Ontological Geek Podcast: Episode 3 — Moral Bodies (+ Bonus)

Posted Leave a commentPosted in Death, Digital Media & Videogames, Ethics, Music, Politics, Psychology, Religion, War, Violence & Terrorism

After a hiatus, we’re back with Onto­lo­gical Geek pod­casts again. This time, Aaron Gotzon and I had former editor-in-chief Bill Coberly and Amsel von Spreck­elsen as guests, and our main topic was bod­ies as a locus of mor­al­ity in games, par­tic­u­larly sec­tions where con­trol in taken away from bod­ies and they are des­troyed in a spec­tacle, which at the same time is the out­come of a moral judg­ment, such as at the end of a duel, like in Mor­tal Kom­bat’s ‘fin­ish hem/her’ sec­tions. Besides that, we talk about Dar­ren Korb’s music in Bas­tion and Tran­sistor, and a vari­ety of other games.

Walking the Planes 1: Introduction

Posted Leave a commentPosted in Astronomy, Digital Media & Videogames, Ethics, Mythology, Religion, Space & Spatiality, Travel & Exploration

As prom­ised, my series about Plan­es­cape and the Planes in Dun­geons & Dragons kicked off this month. The first in­stalment is only an intro­ductory piece, in which I set out my ideas for the future of the series. Hope­fully it will whet your interest; check back here or on The Onto­logical Geek soon for the second piece!

When My Ship Comes In

Posted Leave a commentPosted in Death, Digital Media & Videogames, Film, Religion

I had been want­ing to write some­thing about Cameron Kun­zel­man’s little game On August 11, A Ship Sailed Into Port for some time now, but recently I sat down to do it and it turned into a vague tex­tual and audio­visual medi­tation on death, choices, and get­ting by. It’s a bit of a loose, experi­mental column, but maybe you’ll enjoy it. Please do check out Kun­zel­man’s game, as it takes only five minutes, and if you’ve never seen Werner Herzog’s Nos­feratu before, here’s your chance to see some scenes.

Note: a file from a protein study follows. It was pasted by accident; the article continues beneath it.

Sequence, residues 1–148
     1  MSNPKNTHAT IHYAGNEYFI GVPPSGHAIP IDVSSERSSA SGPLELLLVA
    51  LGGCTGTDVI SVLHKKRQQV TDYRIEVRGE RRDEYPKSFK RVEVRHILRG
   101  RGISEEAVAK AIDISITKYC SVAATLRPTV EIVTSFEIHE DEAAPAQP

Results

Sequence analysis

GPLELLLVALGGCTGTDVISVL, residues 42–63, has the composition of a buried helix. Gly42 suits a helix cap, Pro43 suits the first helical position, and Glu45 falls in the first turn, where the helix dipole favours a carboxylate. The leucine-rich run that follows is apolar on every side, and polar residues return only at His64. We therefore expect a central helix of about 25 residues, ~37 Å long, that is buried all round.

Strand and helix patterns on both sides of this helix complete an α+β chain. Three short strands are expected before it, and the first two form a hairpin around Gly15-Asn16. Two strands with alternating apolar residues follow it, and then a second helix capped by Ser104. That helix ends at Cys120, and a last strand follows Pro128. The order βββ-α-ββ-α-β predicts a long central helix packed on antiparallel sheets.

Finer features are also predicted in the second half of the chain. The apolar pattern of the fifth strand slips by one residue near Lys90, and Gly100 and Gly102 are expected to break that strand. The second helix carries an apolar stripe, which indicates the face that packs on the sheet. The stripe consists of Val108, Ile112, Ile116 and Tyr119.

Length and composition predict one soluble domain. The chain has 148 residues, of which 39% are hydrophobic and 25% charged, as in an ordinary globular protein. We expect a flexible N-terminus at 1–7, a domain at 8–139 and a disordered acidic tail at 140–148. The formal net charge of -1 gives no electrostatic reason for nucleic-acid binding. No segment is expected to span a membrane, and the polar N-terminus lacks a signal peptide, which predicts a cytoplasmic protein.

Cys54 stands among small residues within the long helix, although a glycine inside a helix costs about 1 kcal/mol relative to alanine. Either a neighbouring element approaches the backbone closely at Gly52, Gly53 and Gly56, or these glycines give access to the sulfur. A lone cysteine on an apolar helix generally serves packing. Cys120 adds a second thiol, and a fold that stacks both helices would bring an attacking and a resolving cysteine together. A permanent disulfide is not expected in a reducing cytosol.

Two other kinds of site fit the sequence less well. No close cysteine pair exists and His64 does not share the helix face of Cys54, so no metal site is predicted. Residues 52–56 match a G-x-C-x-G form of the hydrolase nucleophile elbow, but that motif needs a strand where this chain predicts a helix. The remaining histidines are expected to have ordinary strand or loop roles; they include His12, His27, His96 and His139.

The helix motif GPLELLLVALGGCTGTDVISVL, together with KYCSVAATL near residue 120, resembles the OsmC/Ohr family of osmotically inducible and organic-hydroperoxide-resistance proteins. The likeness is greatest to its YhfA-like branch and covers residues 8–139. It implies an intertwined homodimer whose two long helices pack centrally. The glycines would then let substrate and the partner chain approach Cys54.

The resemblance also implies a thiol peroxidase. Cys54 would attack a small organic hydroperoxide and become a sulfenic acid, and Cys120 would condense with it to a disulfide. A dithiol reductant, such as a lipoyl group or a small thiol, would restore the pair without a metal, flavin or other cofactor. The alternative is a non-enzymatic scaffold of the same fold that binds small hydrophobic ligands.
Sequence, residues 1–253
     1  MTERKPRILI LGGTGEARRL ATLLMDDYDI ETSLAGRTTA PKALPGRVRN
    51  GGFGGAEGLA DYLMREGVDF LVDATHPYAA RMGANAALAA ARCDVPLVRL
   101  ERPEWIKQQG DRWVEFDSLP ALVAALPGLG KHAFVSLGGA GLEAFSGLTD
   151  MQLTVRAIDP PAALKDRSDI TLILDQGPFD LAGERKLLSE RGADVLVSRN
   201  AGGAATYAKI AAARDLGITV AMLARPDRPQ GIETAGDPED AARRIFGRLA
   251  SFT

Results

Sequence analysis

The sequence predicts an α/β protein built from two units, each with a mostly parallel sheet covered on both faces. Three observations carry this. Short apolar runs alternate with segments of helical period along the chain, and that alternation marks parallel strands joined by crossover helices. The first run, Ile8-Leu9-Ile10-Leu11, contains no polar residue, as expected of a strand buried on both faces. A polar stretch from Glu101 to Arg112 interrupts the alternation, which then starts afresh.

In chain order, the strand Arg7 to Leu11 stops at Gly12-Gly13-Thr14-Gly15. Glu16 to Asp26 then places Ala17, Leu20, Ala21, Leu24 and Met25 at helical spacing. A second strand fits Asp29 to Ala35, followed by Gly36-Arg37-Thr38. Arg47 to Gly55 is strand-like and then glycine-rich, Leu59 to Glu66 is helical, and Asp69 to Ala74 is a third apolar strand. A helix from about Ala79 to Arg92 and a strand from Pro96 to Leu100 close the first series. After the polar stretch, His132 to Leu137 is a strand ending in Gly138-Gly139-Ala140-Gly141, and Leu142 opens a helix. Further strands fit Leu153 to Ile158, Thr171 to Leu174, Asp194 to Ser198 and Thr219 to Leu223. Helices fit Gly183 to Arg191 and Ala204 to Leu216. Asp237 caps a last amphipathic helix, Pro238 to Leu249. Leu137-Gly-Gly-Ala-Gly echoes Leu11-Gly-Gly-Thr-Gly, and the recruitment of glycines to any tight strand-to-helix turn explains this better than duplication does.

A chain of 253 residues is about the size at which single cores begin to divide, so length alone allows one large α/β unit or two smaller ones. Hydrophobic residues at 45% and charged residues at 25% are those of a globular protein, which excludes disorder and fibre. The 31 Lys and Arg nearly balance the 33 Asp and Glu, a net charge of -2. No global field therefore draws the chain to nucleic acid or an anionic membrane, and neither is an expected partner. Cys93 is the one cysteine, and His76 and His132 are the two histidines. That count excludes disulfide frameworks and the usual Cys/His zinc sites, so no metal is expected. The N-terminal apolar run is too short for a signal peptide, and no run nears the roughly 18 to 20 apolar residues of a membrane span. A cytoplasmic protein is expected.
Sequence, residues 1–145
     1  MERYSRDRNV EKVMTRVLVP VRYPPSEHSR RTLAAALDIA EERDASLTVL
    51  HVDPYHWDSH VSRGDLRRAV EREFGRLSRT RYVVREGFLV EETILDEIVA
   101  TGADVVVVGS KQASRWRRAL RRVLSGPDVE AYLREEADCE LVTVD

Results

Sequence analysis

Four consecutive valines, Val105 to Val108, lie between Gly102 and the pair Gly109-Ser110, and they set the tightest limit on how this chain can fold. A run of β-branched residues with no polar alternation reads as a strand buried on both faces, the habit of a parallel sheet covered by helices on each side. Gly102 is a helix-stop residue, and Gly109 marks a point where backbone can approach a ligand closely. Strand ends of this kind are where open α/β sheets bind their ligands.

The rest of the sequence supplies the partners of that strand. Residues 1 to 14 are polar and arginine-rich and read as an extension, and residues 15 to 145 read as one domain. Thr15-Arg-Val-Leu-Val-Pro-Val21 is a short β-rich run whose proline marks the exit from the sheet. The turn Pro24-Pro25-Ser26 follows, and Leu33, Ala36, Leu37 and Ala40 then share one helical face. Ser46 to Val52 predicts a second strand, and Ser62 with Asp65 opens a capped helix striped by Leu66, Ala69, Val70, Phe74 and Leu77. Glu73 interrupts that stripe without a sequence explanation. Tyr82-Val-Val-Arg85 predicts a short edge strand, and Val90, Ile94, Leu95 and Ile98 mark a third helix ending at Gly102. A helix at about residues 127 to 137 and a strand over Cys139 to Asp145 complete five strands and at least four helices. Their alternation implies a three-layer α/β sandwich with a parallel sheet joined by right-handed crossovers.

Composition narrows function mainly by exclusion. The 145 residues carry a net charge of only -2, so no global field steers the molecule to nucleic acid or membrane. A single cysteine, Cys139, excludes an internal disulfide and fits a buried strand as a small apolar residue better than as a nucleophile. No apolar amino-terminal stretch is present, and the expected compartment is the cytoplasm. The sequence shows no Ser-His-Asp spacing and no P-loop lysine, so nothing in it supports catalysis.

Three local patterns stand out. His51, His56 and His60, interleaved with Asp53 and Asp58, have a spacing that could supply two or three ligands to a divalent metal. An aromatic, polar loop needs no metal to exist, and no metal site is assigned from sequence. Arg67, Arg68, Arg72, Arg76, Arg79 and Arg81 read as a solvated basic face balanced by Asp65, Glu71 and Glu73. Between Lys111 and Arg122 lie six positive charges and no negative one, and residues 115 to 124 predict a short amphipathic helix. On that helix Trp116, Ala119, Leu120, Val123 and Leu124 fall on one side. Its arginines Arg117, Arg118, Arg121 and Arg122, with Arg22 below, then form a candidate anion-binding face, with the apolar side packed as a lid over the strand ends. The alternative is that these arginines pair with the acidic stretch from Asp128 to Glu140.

A Chaotic Gift (for Chris Bateman)

Posted Leave a commentPosted in Languages & Linguistics, Letters, Mythology, Religion, War, Violence & Terrorism

Dear Chris,

You have recently returned from patern­ity leave, and have wit­nessed the birth of your second son, on which again my con­grat­u­la­tions! As you wrote on your own blog, you’d like noth­ing more from your read­ers as a gift than an open let­ter, so who am I to refuse?

After I fin­ished read­ing the final draft ver­sion of your upcom­ing book, Chaos Eth­ics, some­where last year, I wrote to you in an email that I thought it would be an inter­est­ing idea to start a let­ter series on the topic of Chaos, in the broad­est sense. It is not some­thing you touch upon extens­ively in your book—understandably so, since it is about eth­ics first and foremost—but know­ing you slightly, I sus­pect you will have some addi­tional things to say on the concept.

Runic Escapades: The Ribe Cranium

Posted Leave a commentPosted in Magic, Miscellaneous, Religion, Science

I wrote the intro­duct­ory post for a new his­tory blog foun­ded by four colleagues/friends and myself. It’s about the Ribe cra­nium, an 8th cen­tury skull frag­ment with a runic inscrip­tion. The inscri­pion is (most likely) a heal­ing spell to defeat a dwar­ven spirit caus­ing ill­ness, pos­sibly a head­ache.
The art­icle is part of an ongo­ing series “Runic Escapades”, in which I will present runic inscrip­tions in their cul­tural and his­tor­ical con­text.

On Norbert Wiener’s God & Golem, Inc.

Posted Leave a commentPosted in Death, Ethics, Evolution, Magic, Poetry & Prose, Religion, Science, War, Violence & Terrorism

While read­ing Annalee Newitz’ intriguing blog post on io9 about the his­tory of the word cyber, I came across the name Norbert Wiener (not Weiner — get it straight, you Eng­lish­ers) who had intro­duced the term Cyber­net­ics as “the study of con­trol and com­mu­nic­a­tion in machines and liv­ing beings”. His other works include the book God and Golem, Inc.: A Com­ment on Cer­tain Points Where Cyber­net­ics Impinges on Reli­gion, and that title imme­di­ately caught my eye. Stud­ies of the inter­ac­tion between sci­ence, tech­no­logy, and reli­gion always interest me a lot, as do Golems and Jew­ish folk­lore, so Wiener had sold it to me eas­ily.